• In 1954, Ernest Morgado, a naval intelligence officer during World War II, and Mike Asagi, a chicken farmer, founded the Pacific Poultry Company in 'Ewa, Hawaii. (wikipedia.org)
  • Fertile eggs must be obtained from hatcheries or poultry farms which have roosters in their flock, if you do not breed your own chickens. (wikihow.com)
  • Poultry Science journal has calculated that if humans grew at the same rate as modern chickens, a human would weigh 660 pounds by the age of eight weeks. (sacbee.com)
  • Using poultry shears to break down the chicken makes it a snap! (csmonitor.com)
  • Fifty-five chicken plants had converted to NPIS as of May 2018 . (foodandwaterwatch.org)
  • Setyo Budhi, M.P. since May 2018, the students started the production of Cerra with a simplification process of chicken feet to obtain Cerra powder that contains two or three times more calcium and phosphorus than chicken feet. (ugm.ac.id)
  • This flavorful chicken entree can travel with you to your tailgate, picnic, or potluck. (bhg.com)
  • Our obsession with creating the juiciest, most flavorful fried chicken and the fluffiest, most melt-in- your-mouth waffles has, in turn, created something of an underground soul food revolution - one that's slowly spreading downright deliciousness across the country. (opentable.com)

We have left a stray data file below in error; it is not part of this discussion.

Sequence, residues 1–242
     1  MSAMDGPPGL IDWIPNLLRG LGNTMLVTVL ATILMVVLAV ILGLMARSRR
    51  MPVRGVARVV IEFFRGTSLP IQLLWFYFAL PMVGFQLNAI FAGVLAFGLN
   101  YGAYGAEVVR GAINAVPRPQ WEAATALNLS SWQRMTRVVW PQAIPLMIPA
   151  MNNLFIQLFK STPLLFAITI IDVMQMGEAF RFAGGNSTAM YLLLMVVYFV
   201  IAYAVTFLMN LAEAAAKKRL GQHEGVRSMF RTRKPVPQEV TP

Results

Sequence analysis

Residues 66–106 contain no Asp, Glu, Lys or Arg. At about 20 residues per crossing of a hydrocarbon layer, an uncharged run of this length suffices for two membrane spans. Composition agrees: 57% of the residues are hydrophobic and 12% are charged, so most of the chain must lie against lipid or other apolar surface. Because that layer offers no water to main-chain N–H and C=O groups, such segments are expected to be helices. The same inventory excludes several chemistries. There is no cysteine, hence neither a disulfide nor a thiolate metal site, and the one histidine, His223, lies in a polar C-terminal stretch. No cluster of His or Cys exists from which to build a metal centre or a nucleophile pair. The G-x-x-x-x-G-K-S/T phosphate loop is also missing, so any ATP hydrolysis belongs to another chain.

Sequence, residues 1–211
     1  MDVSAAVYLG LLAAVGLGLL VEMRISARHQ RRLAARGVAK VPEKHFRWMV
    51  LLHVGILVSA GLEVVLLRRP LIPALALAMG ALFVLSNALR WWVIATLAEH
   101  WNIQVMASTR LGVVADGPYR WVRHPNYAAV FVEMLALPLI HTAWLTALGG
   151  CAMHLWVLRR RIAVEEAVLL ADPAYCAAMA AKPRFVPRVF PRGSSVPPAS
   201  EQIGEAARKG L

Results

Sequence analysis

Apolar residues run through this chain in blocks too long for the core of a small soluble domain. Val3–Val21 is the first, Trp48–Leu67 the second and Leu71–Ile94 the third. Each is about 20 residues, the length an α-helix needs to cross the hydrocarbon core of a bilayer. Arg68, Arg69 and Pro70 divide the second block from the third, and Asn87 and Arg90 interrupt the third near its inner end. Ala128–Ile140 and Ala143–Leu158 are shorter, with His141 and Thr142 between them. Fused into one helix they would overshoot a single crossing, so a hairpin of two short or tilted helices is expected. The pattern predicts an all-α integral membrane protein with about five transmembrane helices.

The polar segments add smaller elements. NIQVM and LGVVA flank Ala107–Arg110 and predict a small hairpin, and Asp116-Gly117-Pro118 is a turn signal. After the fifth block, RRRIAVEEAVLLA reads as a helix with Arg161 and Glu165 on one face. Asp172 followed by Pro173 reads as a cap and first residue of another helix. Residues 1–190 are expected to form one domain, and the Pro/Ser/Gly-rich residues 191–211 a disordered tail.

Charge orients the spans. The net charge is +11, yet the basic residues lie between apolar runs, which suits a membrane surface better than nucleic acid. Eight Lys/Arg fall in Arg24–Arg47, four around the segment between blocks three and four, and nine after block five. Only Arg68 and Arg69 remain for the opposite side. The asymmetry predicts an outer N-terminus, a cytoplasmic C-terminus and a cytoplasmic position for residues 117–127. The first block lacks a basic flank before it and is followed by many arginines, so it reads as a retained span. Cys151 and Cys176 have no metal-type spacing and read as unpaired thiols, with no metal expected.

• This shift reflects increasing consumer discomfort with the amount of antibiotics used to raise chickens. (aspca.org)
  • For example, the episode where she pretends to raise chickens so that the other moms from her kids' school will think she's into organic farming actually led her to raise five chickens. (yahoo.com)
  • Gong Bao (Kung Pao) Chicken. (npr.org)
  • Before I left for Chengdu, the food writer Fuchsia Dunlop told me I had to eat Kung Pao chicken there. (npr.org)
  • When I sampled Li's Kung Pao chicken, it had layers of flavor I had never tasted before. (npr.org)
  • So, I put on a white chef's hat and got to work on the Kung Pao chicken. (npr.org)
  • Perdue Foods, the third-largest chicken producer in the country, announced that it has stopped using antibiotics in all of its chicken hatcheries . (aspca.org)
  • Yet, as Maryn McKenna makes clear in her new book, Big Chicken: The Incredible Story of How Antibiotics Created Modern Agriculture and Changed the Way the World Eats , this most recent chapter has a long and sordid history, as scientists have warned for decades that the overuse of antibiotics in animals would lead to resistant infections. (motherjones.com)
  • Chicken Raised without Antibiotics. (wegmans.com)